Congrats on a winner, btw

  5. I rarely notice grid layouts and I do hope the first comment left by LbR doesn’t deter people from giving this one a try, it was well worth tackling. As RD said, it was definitely a big step up from this setter’s previous puzzles in every regard and a most enjoyable solve.
    Plenty of ticks on my sheet – 9a along with 1,4,6,20,21&23d all getting the heads up here. Perhaps 9a & 6d were my top two.
    Many thanks, Gonzo, keep up the good work.

  6. Thanks Gonzo – I enjoyed this. I found it quite tough in places but got there in the end! I liked 8a, 16a (haven’t seen that before) and 15d, but I’d give the gold medal to 1d.

  7. I agree with the consensus that this is a notable step up in quality from the setter’s previous puzzles. None of the surfaces jarred and many of the constructions were very clever. I particularly liked the containment indicators disguised as nouns (“nurses” and “trousers”), I can tell that Gonzo likes using them too. I would have preferred “pinched” to “stolen” in 16a and I don’t really think that “frequently” is an adequate alternate letter indicator, but they were my only reservations. My printed page shows lots of ticks.

    Many thanks to Gonzo and congratulations on creating such an improved puzzle.

  8. We have now completed – after checking a couple of letters – but still struggling to parse a couple. We shall look forward to the review tomorrow. Many thanks Gonzo and in advance to Prolixic. Now back to MPP …..

  9. Thanks Gonzo. I seemed to take a long time on this but was impressed by the construction of many of the clues. Favourite by far was 6d.

  10. Thanks Big Dave for publishing and to all for playing.
    Thanks Prolixic for the review. Interestingly, ‘frequently’ as an alternate letter indicator was accepted without comment by an editor elsewhere (apart from pointing out I had used it twice) but I can see your point of view.
    Although ‘Scripture’ for RE struck me as testing solvers’ knowledge, OED has a quote from 2017!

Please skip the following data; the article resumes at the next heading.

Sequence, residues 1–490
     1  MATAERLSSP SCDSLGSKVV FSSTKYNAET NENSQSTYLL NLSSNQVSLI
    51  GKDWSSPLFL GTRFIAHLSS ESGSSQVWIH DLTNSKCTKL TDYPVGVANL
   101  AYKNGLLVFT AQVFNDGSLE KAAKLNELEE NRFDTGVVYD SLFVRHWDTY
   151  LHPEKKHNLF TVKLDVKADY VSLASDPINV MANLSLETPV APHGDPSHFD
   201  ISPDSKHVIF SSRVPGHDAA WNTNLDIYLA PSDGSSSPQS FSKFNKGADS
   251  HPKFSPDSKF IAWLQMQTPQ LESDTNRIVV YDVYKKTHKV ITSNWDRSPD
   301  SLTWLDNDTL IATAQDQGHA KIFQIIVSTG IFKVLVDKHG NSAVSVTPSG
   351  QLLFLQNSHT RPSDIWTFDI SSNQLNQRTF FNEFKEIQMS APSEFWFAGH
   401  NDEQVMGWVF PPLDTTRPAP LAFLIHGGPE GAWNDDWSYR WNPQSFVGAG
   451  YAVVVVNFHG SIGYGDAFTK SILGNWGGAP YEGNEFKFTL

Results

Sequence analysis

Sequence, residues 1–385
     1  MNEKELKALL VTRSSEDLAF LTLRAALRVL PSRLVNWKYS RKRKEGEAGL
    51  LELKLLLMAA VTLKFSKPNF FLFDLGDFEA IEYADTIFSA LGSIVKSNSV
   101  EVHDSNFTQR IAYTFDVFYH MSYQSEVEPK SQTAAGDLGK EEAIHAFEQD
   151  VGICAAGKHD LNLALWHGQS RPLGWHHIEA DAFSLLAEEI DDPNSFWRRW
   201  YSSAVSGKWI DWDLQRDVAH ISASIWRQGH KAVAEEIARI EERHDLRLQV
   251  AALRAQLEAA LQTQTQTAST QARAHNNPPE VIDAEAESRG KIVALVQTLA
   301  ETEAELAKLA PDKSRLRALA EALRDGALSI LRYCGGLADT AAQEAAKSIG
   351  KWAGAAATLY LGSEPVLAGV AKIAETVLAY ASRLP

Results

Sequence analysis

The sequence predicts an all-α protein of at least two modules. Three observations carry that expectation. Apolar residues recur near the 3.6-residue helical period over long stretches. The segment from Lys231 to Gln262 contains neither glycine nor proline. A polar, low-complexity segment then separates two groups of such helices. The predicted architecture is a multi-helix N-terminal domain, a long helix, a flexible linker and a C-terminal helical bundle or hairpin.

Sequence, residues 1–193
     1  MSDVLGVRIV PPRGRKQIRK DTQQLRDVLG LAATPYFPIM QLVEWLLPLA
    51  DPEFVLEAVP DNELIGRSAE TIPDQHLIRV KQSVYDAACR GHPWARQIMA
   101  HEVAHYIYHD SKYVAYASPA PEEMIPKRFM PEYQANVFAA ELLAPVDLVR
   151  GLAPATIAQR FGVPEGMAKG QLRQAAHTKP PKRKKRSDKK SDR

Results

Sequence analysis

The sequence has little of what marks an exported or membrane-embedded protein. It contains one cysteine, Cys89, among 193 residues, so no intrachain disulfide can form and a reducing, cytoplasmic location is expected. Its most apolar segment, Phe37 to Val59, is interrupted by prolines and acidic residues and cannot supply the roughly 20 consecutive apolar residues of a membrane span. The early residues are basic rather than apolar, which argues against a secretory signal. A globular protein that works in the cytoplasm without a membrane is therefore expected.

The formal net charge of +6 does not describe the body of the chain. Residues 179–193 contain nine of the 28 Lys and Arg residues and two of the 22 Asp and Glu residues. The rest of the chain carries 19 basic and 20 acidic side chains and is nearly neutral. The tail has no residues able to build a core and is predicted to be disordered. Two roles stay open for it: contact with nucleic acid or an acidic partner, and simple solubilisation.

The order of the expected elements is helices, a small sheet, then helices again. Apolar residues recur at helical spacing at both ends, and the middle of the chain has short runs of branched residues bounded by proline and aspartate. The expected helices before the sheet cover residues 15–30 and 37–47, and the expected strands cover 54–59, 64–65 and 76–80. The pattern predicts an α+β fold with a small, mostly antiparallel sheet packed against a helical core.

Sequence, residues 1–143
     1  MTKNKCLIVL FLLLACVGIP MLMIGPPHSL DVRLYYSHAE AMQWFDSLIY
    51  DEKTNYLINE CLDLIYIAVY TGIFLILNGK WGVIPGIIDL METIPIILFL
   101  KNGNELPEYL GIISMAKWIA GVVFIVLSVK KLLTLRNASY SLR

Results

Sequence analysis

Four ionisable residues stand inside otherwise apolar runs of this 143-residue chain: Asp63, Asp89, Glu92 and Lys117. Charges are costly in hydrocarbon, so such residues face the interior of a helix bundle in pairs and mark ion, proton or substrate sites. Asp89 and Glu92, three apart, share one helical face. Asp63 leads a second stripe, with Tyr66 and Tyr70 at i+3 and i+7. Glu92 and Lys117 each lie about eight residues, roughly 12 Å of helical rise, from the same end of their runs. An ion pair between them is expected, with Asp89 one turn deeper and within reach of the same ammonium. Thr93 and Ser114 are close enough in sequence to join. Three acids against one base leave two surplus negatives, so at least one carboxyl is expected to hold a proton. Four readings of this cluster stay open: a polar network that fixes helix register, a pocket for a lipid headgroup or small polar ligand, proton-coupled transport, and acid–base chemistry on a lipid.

The grid is from Monkey Puzzles, where it appears several times.

  11. Thanks, Gonzo. A very enjoyable puzzle.
    Loads of ticks on my printed version.
    I am assuming that BAL at the end of 8a is an abbreviation of balance?

  12. Many thanks for the review, Prolixic. As I said in my comment, the grid didn’t trouble me in the least – it was just a delight to see that Gonzo has progressed so well.

  13. (*popping head above parapet for a moment*)

    I think this is an excellent piece of work by Gonzo – but considering that he’s just made his second appearance on Alberich’s oh-so-strictly curated site, I was expecting no less – and I wasn’t disappointed! Where do I put my ticks? 10a has to get a mention: surface isn’t as fluent as it might be, perhaps, but it does its job of misdirection admirably.

    Regarding grid layout – personally I think the rule should be set as “no more than n/2 unches where n is even, and no more than (n+1)/2 when n is odd”. Nearly ever grid I’ve seen – certainly every one I’ve used – conforms to that; and while some may call it ‘solver-unfriendly’, I don’t go along with that.

    What of poorly-connected grids, such as this one with four ‘peninsulas’ linked by only a single cell each? Doesn’t bother me. Boatman did discuss this problem in his masterclass; I can understand why it’s a controversy. In my view, the value of a good crossword lies in the clues, not in the grid.

    Oh, and Gonzo if you’re reading this, I’d welcome you getting in touch. Alberich has probably sent you my E-mail address already.